wound

Well, the wounds to my hand are healing. It is less painful and a change of dressing and hand therapy 3 times a week is helping. My body is less sore. I can type with my left hand and the use of my now free right thumb makes it less difficult. The townhouse is still in a pretty shambolic state with boxes and paintings and stuff all over the place. How I would love to just sort it out once and for all!

The existential questions that have come up for me are not: ‘Why me dear Lord?’ Or, “What have I done to deserve this?”.

The questions that I am dealing with right now as I heal, concern ‘impermanence‘ and ‘developing patience’.

I know that one of the Buddhist tenets is the impermanence of lives and things. I am not even considering my own life (miraculously spared) for the purposes of this blog post; rather, I am facing the necessity of addressing ‘impermanence’.

I am faced with tossing things out – permanently. Much has already been given away – furniture, curtains, household goods, clothing, endless other things I was ruthless about in my desire to simplify before the final move to the townhouse.

But what to do with my late father’s school and university reports; writings of my late mother’s; my own; photographs; correspondence –  consign them to non-existence? What does this mean if I do this? Have their records served their purpose and now I must let go my attachment to them? I know that I will not be invalidating my parents or myself if I destroy what was once theirs and mine … but still … photographs of grandparents? Records of my parents service in WW2? All that history, to be no more? Will I ever regret this action if I carry it out? Can I let go of ‘I’ and ‘mine’ as well as on behalf of my parents and ancestors? Can I be dispassionate about this?

And more to the point, is this how it will be when my children consign my ‘stuff’ and my husband’s stuff to the flames or the garbage bags when we die? Will our lives in material form before our deaths be extinct? What will they do with all the family photographs  through the years lovingly kept and only occasionally  looked at? How many collages can I have made? I do not want walls populated with collages; one or two, yes.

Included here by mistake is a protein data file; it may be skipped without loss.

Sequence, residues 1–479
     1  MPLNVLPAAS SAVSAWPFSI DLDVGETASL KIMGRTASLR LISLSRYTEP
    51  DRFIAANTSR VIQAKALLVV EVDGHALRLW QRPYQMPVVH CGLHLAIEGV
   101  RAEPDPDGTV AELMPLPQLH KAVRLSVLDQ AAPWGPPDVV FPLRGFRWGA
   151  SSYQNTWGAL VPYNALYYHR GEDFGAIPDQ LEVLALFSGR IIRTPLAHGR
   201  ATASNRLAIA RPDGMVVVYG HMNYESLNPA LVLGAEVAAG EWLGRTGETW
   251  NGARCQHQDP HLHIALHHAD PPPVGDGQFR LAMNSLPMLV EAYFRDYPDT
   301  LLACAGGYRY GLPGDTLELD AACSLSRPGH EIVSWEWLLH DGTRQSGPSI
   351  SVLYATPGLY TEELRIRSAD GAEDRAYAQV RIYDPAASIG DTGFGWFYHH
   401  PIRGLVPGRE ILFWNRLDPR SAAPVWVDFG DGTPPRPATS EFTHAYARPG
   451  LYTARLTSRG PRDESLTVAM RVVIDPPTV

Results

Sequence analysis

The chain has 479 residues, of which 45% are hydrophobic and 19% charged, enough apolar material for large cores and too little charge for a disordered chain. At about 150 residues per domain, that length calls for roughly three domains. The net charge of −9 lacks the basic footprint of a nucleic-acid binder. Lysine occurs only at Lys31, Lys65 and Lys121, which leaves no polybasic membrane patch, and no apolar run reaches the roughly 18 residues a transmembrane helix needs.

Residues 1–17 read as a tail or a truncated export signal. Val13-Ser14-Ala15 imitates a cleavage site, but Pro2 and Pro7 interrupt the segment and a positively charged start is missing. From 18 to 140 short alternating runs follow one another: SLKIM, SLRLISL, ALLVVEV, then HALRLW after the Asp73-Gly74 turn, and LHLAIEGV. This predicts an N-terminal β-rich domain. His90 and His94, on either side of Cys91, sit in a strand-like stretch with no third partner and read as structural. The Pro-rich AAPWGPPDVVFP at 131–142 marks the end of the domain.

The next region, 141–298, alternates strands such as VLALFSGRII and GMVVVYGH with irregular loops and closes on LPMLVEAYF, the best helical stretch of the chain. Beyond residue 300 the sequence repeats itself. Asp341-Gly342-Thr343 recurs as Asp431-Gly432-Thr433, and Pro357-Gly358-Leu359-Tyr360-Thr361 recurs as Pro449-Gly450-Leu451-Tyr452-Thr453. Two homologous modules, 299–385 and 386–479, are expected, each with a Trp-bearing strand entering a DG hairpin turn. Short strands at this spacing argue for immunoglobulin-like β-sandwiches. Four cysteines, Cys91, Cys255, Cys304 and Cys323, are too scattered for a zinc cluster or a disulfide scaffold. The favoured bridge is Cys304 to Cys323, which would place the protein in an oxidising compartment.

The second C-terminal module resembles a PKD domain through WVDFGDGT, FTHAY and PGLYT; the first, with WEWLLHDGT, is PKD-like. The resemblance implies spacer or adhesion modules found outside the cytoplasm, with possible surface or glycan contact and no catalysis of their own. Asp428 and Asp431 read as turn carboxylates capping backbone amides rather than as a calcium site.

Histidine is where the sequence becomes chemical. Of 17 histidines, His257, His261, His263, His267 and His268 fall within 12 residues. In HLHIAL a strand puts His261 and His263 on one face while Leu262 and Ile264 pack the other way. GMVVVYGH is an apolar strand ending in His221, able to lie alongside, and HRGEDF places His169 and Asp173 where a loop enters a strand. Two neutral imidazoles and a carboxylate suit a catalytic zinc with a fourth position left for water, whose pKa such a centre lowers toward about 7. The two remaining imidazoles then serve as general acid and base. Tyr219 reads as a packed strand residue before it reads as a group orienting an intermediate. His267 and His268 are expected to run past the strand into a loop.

I will be pondering this in the days to come.

On developing patience: this is something that fate has decreed upon me it seems to me. I no longer dart here and there, doing everything quickly and efficiently and, as I have come to realise, having a false sense of pride in my ability to do this. I have to go slowly, dress slowly, I eat sitting down. I walk to the offices of the hand therapists and take that time to observe my new surroundings, or contemplate a dream, or just think about nothing.

I know I said earlier that I would just love to get the townhouse sorted once and for all, but I  know that this will take time. I quite like going slow and not being in a rush. There is something of value in this, for me. I have changed my study a few times. I am not rushing it. I still need to unpack boxes and be ruthless in sorting and tidying it. It is winter here in South Africa and though it has been a long time coming, it is now here. Up here on the highveld (2000 m above sea level), it gets bone-chillingly cold although the sun may shine brightly. It is an inward time as Nature rests. I feel in tune with Mother Nature. I think I am developing patience with regard to myself, to me, me-time. I think patience is saying; be kind to yourself, be compassionate, don’t rush… all will be well. I want patience and I to be friends. I want her to show me the way.

Thank you all who have been on this journey with me and your comments and more recently your concerns. It brings a swelling of blood corpuscles somewhere about the heart.

75 Comments on moving home – part 4 – existential questions

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  22. I’ve been reading your tribulations with popping eyes – you were so off-hand (you should pardon the pun) on FB about your accident I thought you’ve just broken a couple of fingers – it also never occurred to me you would still be blogging with ‘broken fingers’ so I am ashamed to say I had missed these blogs. I’ve now signed (again) on the email notification, hope it works this time.

    I chose to comment on this particular blog because, if it’s not too late, I wanted to suggest putting aside all the family documents you had reluctantly decided to discard, and send them for scanning first. My daughter gave me a scanner / printer as a birthday present and although I still haven’t scanned all the photos that have been crammed in drawers and boxes, and see it as a hobby that may last to my eighties, it has meant I could finally start getting rid of stuff. If like you I had tons of family history I would definitely find one of the many places that offer a scanning service?

    I hope you’ve continued to make steady progress since your most recent blog, and look forward to being notified of the next xx

    • Hello Elizabeth and how great to see you here and thank you for stopping by and commenting on my handicap! (I pardon you your pun).

      Yes, we are putting aside stuff for scanning…probably will take forever. But this is the sensible thing to do. And, I’ve just thought of it as I write, the girls at the rooms could do this! I have you to thank for putting this thought my way thank you!

      Thank you for your good wishes. The hand and fingers are coming along thank you! Another 4 months of hand therapy 3 x a week (and a much diminished bank balance) will probably bring my hand back to reasonable functionality.